Is this what success looks like?

An ongoing discussion between people in the conservation finance community is how we define success.

Reviewing the data – which we like to do (see below) – does not demonstrate much success in addressing species or biodiversity loss.

Perhaps it is time for a review of what has really worked in the conservation finance. Not only do we need to contend with increasing resource demand and population growth, but now we have to increasingly address the impacts of climate change on these less than resilient ecosystems.

If this is what success looks like, I would hate to see failure.

Image Courtesy of Treehugger & Racing Extinction

Projected change in global fisheries revenues under climate change

A recent paper (September 2016) in the scientific journal of the National Institutes of Health exploring the implications of climate change on global fisheries revenues provides some sober reading.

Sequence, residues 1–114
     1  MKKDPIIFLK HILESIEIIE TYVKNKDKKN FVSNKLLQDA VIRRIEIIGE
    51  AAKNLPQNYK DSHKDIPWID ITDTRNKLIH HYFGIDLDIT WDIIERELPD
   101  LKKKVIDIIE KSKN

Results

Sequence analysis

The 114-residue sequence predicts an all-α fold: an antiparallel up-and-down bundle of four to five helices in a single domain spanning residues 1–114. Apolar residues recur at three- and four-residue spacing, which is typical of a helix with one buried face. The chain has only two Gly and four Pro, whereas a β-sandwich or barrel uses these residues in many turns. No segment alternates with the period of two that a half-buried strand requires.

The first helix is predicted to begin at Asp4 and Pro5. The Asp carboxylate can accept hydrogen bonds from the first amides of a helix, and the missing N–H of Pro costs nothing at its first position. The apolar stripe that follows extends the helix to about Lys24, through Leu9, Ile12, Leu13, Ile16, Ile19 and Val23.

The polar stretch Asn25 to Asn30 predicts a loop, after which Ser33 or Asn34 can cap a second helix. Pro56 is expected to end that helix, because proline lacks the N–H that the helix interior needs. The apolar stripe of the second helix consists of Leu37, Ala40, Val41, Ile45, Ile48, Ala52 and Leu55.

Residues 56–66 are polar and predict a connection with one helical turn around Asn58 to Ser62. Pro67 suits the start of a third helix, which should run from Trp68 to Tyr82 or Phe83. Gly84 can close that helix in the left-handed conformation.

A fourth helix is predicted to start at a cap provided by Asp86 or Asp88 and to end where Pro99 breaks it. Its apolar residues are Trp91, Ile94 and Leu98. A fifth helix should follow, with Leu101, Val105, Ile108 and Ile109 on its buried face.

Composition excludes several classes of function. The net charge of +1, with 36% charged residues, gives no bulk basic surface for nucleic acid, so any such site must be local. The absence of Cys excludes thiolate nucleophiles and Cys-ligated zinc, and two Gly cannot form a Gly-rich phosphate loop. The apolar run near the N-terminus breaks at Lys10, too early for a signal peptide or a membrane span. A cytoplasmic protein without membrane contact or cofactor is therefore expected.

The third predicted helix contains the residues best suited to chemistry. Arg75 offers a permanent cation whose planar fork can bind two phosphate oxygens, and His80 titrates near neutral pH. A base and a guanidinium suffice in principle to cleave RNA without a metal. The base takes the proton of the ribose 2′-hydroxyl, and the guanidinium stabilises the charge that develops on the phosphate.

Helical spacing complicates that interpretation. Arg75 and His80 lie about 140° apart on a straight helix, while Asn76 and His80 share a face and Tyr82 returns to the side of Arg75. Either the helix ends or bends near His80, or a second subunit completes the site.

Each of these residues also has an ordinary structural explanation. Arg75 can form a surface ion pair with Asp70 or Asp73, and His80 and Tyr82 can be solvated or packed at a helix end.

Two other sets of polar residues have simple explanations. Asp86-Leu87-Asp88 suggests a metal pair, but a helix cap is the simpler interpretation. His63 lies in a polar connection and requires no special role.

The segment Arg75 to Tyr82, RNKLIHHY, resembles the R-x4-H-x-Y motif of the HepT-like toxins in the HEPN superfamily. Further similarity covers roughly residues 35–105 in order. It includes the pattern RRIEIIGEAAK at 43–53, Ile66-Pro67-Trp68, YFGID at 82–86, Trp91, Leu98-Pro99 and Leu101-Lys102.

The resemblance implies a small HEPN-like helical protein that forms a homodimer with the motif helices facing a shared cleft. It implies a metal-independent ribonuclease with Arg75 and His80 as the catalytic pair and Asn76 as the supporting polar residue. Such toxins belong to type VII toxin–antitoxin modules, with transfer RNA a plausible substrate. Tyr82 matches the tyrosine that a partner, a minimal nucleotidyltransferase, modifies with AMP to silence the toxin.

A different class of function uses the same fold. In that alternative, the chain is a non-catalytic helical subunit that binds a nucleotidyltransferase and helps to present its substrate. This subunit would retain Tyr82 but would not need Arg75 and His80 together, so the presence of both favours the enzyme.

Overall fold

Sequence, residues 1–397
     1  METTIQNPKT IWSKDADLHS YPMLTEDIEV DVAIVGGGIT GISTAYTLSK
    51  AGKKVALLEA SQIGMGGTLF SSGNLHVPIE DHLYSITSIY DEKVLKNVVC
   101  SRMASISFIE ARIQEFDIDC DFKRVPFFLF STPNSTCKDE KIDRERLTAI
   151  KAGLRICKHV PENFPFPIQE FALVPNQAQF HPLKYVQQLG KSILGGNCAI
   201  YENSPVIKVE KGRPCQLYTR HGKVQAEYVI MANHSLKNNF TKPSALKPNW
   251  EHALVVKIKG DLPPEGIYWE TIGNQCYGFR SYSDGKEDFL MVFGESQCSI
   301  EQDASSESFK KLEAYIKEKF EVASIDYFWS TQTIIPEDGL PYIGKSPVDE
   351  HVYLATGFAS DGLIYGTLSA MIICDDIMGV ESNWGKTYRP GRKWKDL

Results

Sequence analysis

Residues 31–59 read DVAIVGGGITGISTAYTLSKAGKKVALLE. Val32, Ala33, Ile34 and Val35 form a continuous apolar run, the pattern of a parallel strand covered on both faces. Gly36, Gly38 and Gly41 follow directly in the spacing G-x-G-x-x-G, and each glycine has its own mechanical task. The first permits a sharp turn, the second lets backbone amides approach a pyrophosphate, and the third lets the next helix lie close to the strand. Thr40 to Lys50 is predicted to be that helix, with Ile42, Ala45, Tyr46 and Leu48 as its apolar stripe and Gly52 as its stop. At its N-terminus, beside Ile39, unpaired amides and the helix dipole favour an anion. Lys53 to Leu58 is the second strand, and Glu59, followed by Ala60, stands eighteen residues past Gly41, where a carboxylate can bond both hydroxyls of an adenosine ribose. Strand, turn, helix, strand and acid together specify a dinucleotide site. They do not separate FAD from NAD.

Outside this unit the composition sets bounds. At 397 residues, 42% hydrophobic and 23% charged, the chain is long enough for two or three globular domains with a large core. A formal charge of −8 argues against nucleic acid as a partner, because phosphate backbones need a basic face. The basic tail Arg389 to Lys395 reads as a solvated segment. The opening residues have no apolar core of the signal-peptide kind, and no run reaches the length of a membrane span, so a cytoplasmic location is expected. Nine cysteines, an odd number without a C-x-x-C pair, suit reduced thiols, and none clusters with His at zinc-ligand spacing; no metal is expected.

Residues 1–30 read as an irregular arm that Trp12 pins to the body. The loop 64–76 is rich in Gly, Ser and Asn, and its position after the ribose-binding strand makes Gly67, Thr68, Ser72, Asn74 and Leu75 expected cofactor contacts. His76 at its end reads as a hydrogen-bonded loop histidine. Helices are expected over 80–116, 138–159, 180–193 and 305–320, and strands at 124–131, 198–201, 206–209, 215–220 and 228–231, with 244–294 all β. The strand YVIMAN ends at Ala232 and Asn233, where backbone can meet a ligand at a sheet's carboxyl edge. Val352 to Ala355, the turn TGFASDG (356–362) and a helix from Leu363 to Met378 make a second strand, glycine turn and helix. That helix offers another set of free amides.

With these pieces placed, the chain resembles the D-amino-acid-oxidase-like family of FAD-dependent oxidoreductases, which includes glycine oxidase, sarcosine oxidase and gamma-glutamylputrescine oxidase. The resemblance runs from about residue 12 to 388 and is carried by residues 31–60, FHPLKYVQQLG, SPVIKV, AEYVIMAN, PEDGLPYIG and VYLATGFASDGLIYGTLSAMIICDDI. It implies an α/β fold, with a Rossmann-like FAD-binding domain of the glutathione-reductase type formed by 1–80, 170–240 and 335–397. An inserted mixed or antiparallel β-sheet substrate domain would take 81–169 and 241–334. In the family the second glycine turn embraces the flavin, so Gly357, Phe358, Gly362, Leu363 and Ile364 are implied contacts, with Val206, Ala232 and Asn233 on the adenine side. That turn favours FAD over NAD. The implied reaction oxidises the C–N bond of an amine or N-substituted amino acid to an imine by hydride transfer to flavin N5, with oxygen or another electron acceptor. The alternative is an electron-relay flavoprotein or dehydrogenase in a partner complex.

The report explores how fisheries revenues of maritime countries will be impacted by climate change as a necessary  “crucial next step towards the development of effective socio-economic policy and food sustainability strategies to mitigate and adapt to climate change”.

The report shows “that global fisheries revenues could drop by 35% more than the projected decrease in catches by the 2050 s under high CO2 emission scenarios. Regionally, the projected increases in fish catch in high latitudes may not translate into increases in revenues because of the increasing dominance of low value fish, and the decrease in catches by these countries’ vessels operating in more severely impacted distant waters. It finds that developing countries with high fisheries dependency are negatively impacted.”

See: Lam, Vicky W. Y. et al. “Projected Change in Global Fisheries Revenues under Climate Change.” Scientific Reports 6 (2016): 32607. PMC. Web. 18 July 2017.

The significantly higher impacts on developing country revenues both for export and domestic consumption are documented in the paper and provide further evidence to the risks climate change creates for wild capture fisheries.